"It was a quick thing," says Pete Stavrianos, Abourezk's former administrative assistant. " 'What is ethnic background?' You see that in a lot of people. All of a sudden, they confront it."

On a recent Sunday, Abourezk was watching Menachem Begin on his kitchen television set and complaining that nobody on CBS' "Face the Nation" had stuck the Israeli prime minister with a tough question. Freshly showered after a morning jog, Abourezk lit up a cigar and took a few gulps of beer before pouring it into the fixings for one of his "Famous Omelets." The kitchen in his Connecticut Avenue co-op is one of a cook, filled with hanging pans and a Cuisinart for preparing his Middle Eastern dinners. He is a stocky man with hair that curls over the back of his collar. Even many who oppose him say they can't help but like him. "I'm in total disagreement with his stand on the Middle East," says Sen. Howard M. Metzenbaum (D-Ohio). "But that's never affected my warm feeling toward him."

Abourezk makes it clear that he is giving this interview only because he wants to publicize his cause. American newspapers, he feels, are fiercely biased toward Israel.

In the past year, Abourezk has divorced his wife and left his old law firm, Abourezk, Shack & Mendenhall. Of his 29-year marriage, he says, "It got worse and worse. Eventually, we just couldn't do it anymore." Of the law firm, former partner Tom Shack simply says "the relationship was dissolved by mutual agreement" and offers "no comment" on Abourezk's work.

Now Abourezk practices at Abourezk, Sobol & Trister. His new office is quiet and carefully appointed, decorated with a Persian rug and Bedouin blankets. There is a fine view of Dupont Circle. It is here, in an earlier interview, that he talked about what changed him.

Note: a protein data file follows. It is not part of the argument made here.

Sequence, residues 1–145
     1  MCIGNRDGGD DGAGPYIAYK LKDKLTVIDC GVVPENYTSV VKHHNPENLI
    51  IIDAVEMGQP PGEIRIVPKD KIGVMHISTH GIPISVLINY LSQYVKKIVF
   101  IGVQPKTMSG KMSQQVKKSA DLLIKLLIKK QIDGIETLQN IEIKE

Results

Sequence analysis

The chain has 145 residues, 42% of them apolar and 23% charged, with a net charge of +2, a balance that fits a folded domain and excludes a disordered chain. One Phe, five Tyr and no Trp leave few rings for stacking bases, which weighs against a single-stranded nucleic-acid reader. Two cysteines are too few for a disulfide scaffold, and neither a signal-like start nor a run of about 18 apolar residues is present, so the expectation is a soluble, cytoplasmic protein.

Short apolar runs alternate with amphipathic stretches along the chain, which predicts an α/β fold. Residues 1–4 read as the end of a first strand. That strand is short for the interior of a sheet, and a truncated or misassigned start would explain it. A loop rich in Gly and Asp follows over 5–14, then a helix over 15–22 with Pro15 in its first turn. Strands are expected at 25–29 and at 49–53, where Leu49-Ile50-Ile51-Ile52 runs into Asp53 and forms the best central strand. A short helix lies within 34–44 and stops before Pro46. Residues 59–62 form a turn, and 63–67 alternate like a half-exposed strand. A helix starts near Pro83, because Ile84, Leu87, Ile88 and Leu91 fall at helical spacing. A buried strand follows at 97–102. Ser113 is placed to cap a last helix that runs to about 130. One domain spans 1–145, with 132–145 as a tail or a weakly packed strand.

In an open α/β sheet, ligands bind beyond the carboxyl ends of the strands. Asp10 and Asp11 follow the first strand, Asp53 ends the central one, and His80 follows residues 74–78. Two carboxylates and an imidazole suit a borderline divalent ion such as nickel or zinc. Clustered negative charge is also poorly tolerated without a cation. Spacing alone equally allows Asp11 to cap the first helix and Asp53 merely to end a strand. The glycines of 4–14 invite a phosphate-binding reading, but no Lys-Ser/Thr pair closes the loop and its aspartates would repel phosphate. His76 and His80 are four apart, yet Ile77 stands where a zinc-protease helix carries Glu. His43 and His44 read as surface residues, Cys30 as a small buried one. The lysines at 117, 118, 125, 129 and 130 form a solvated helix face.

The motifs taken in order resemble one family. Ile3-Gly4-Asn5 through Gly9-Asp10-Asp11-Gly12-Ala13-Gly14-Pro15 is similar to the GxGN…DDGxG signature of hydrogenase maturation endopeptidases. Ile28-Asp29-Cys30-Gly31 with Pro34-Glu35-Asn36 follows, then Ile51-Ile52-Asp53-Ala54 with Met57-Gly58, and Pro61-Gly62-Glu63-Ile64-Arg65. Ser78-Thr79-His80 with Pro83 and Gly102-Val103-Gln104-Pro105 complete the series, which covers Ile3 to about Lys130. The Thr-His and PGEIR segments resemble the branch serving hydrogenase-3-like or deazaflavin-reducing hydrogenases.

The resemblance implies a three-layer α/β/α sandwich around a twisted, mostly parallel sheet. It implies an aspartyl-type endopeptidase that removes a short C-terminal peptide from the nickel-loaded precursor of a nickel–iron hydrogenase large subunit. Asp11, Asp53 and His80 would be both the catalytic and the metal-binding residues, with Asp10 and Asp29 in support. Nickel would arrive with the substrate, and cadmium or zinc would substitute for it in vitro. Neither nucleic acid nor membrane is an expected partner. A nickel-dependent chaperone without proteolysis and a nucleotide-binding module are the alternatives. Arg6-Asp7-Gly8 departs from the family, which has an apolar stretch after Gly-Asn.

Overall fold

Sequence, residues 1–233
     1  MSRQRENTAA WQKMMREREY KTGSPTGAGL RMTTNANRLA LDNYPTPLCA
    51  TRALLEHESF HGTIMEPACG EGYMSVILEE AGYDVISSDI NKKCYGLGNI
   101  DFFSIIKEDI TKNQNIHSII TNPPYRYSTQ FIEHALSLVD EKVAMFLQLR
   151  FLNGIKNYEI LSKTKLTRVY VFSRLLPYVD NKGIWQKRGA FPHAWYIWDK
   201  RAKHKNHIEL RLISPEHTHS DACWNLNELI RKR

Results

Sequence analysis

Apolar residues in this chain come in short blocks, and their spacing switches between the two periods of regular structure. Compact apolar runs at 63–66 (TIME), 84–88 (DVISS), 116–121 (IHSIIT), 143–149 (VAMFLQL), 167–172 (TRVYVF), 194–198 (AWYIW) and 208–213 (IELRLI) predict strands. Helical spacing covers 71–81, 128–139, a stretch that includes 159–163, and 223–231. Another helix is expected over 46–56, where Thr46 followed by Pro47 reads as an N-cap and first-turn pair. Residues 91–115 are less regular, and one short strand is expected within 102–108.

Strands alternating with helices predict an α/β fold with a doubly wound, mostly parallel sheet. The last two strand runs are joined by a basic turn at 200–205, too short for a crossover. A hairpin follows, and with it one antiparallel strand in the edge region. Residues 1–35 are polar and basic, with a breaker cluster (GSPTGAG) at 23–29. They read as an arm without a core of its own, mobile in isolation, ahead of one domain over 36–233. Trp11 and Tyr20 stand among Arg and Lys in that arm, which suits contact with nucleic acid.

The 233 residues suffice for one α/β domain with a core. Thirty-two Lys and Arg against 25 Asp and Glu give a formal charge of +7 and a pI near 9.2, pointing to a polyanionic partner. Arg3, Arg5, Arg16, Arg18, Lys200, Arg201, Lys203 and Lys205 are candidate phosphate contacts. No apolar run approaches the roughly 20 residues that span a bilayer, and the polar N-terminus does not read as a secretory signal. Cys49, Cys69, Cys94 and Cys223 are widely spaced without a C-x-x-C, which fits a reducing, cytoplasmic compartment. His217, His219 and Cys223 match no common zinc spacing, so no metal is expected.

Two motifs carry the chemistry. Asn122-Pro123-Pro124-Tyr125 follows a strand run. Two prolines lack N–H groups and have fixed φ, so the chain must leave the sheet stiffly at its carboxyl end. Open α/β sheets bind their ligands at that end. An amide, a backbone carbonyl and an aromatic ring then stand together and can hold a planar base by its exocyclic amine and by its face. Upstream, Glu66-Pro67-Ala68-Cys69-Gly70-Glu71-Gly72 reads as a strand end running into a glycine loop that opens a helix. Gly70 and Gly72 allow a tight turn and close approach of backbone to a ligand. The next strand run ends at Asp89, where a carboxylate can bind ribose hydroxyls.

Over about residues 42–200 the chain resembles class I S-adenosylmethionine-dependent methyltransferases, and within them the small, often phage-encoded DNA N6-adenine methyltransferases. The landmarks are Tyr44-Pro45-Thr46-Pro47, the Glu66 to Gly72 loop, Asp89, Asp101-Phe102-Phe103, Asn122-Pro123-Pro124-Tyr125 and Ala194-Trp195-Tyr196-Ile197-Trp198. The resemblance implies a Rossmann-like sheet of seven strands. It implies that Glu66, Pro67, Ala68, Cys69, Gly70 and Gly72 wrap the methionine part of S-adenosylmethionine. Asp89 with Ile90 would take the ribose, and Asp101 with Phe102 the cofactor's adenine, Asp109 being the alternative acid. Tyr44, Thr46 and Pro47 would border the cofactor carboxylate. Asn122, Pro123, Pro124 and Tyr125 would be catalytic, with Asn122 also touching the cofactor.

"Abourezk never thought about the Middle East while he was a congressman," says Alan Baron, editor of a political newsletter and an old friend. "When he went to the Middle East as a senator, the Arab countries treated him as a hero. He started to look at the issue. Then, turning his back on the Jews produced, among the most ardent, a vehement response. I think that escalated his own rhetoric."

Others say Abourezk, as an Arab-American, more or less found the cause in his lap. "Yeah, that's probably more like it," Abourezk says.

Some former supporters are still vehement. "We feel betrayed," says Louis Hurwitz, a Sioux City lawyer who was an important fund-raiser for Abourezk. "He says he saw the light. Well, I think in large measure it's the influence of the Arab lobby and the fact that he's been on the payroll."

Abourezk won't say how much he makes or who his clients are, but he will say that "I'm not making gobs of money. I'm constantly in debt. I spend more time politicking than I do practicing law." (In 1973, he earned $49,425 for 14 speeches that year, including a $10,000 honorarium for addressing 1,000 Arab-Americans in Detroit.) Unlike Fred Dutton, the well-known and influential lobbyist for Arab causes, Abourezk is not a registered foreign agent.

"I'm sure he's made decent money since he's left the Senate," says Stavrianos. "But I'm sure he could have tripled it if he said, 'I'm going to be rich.' "

Abourezk grew up on the Rosebud Indian reservation, the third son of parents who ran a local general store. "I took care of myself," he says. "I went where I pleased and did what I pleased." Once he took his father's car to see a girlfriend 17 miles away; to make sure the odometer didn't register, he backed it all the way home. He was expelled his senior year for lassoing a teacher during a high school assembly and had to finish up by hitchhiking to school in a different town. "He was always full of the devil," recalls his brother, Tom.